Tag Archives: imagination



In this cumulative story, beginning with one windblown gray circle, paper scraps are blown. 

The narrator asks, “Whose are these? Where did they come from?” 

The chicken says, “They’re mine!” 

The papers transform into different animals, which declare that the scraps belong to them. Then the wind blows all the scraps into the air and asks the reader, “What will you make?”

This book promotes creative components of imagination, flexible thinking and fluency.

WHY I LIKE THIS BOOK:  I like this book because the reader can use his/her imagination to think about what the paper scraps will form before turning the page. 

TITLE: Windblown

AUTHOR: ÉdouardManceau

ILLUSTRATOR: ÉdouardManceau

Translated by: Sarah Quinn

PUBLISHER: Owlkids Books Inc., 2013


TOPIC(S): shapes, animals

CREATIVE COMPONENTS: imagination, flexible thinking, fluency


1) Cut different shapes from scraps of paper. Use your imagination to create different things from these scraps.

2) Play tangram games at Math is Fun website:


3) Do this activity based on the book: http://www.owlkidsbooks.com/Portals/0/docs/windblown-activity.pdf


To learn more about author/illustrator Édouard Manceau, visit:


“A Story That Grows”

“A Story That Grows”

A Story That Grows is a bedtime story that is sure to engage young readers and prompt imaginations. 

Based on the stuffed animal that the child is holding, readers can guess, before the page is turned, who the next reading family will be.

This book promotes creative components of originality and clever storytelling.

WHY I LIKE THIS BOOK:  I like this book because of its different perspective of telling a bedtime story and that it highlights the caring relationship between a child and caregiver.

TITLE: A Story That Grows

AUTHOR: Gilles Bachelet

ILLUSTRATOR: Gilles Bachelet

PUBLISHER: Eerdmans Books for Young Readers, 2019

Originally published in France, 2016


TOPIC(S): bedtime, parent-child relationship

CREATIVE COMPONENTS: cleverness, originality, perspective


1) Think of three places where you might find groups of animals. (i.e. zoo, carnival) Next pick an animal from your location. Draw your animal father or mother or grandparent telling a bedtime story to an animal child. Don’t forget to add a stuffed animal that the child cuddles.

2) When you hear A Story that Grows, what images came to mind? I first thought of a vegetable that grows on a vine. Then I wondered about how a story could grow. What else could the author mean by the title, A Story that Grows? Use your imagination to write a story that grows using an image that first came to your mind.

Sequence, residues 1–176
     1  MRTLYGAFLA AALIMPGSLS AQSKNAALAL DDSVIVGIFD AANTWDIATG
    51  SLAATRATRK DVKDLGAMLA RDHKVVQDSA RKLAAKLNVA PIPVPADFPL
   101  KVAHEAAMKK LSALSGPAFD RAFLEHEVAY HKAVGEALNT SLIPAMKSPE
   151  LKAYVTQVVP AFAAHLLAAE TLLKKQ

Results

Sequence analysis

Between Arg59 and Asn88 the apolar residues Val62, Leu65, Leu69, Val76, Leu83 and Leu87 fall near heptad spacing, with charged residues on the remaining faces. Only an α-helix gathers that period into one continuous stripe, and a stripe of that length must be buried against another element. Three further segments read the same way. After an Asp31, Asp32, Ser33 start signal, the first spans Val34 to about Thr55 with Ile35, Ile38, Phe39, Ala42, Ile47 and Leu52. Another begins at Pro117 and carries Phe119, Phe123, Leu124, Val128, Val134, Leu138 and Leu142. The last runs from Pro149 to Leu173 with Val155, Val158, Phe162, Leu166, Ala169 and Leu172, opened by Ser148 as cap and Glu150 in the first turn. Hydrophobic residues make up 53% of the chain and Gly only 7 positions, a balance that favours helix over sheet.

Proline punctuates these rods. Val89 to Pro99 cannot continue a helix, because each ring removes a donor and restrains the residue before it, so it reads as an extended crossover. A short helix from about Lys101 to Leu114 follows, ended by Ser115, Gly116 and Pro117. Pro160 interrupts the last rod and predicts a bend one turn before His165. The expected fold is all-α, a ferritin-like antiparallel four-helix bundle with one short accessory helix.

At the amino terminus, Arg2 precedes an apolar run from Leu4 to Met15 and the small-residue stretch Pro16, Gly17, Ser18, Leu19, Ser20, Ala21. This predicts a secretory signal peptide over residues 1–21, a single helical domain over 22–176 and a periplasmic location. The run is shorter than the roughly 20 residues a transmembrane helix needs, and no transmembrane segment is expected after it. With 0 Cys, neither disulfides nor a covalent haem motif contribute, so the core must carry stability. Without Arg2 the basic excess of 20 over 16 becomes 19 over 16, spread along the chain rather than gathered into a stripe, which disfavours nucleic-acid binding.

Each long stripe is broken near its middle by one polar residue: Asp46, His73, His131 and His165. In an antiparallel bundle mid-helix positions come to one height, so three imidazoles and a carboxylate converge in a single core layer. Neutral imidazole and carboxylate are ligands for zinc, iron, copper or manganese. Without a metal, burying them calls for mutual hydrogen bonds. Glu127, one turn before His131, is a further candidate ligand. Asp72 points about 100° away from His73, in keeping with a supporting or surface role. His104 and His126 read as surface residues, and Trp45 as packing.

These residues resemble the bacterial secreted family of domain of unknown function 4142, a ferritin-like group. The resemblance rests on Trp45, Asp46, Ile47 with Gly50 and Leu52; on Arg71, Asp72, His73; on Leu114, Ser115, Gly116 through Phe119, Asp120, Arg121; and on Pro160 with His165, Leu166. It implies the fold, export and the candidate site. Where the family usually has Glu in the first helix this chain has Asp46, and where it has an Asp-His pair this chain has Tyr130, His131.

To learn more about author/illustrator Gilles Bachelet, visit:


Beastly Puzzles: A Brain-Boggling Animal Guessing Game

“Beastly Puzzles: A Brain-Boggling Animal Guessing Game”

In this picture book, each scenario begins with “What animal could you make with…” and then clues are provided.

Open the flap to discover the animal and learn facts about each animal part as it relates to its clue.

Can you guess what animal this is? 

This book promotes creative components of imagination, discovery, and flexible thinking.

WHY I LIKE THIS BOOK:  I like this book because the common household clues lead to a surprising animal discovery. I enjoy the flexible-thinking challenge as will readers of guessing the correct animal based on how an animal would use the objects (clues) as part of the attributes that comprise their genetic makeup or behavior. 

TITLE: Beastly Puzzles: A Brain-Boggling Animal Guessing Game

AUTHOR: Rachel Poliquin

ILLUSTRATOR: Bryon Eggenschwiler

PUBLISHER: Kids Can Press, 2019


TOPIC(S): animals, riddles, creative and critical thinking skills

CREATIVE COMPONENTS: discovery, flexible thinking, imagination


1) Add to the book by picking an animal and finding everyday items that relate to an attribute or behavior of the animal. Make a list of the clues and have someone guess your animal.

2) Think about a plant or tree. What everyday objects could provide clues about your plant or tree? Then have someone answer the question,  What plant could you make with….?


To learn more about author Rachel Poliquin, visit:


To learn more about illustrator Bryon Eggenschwiler, visit: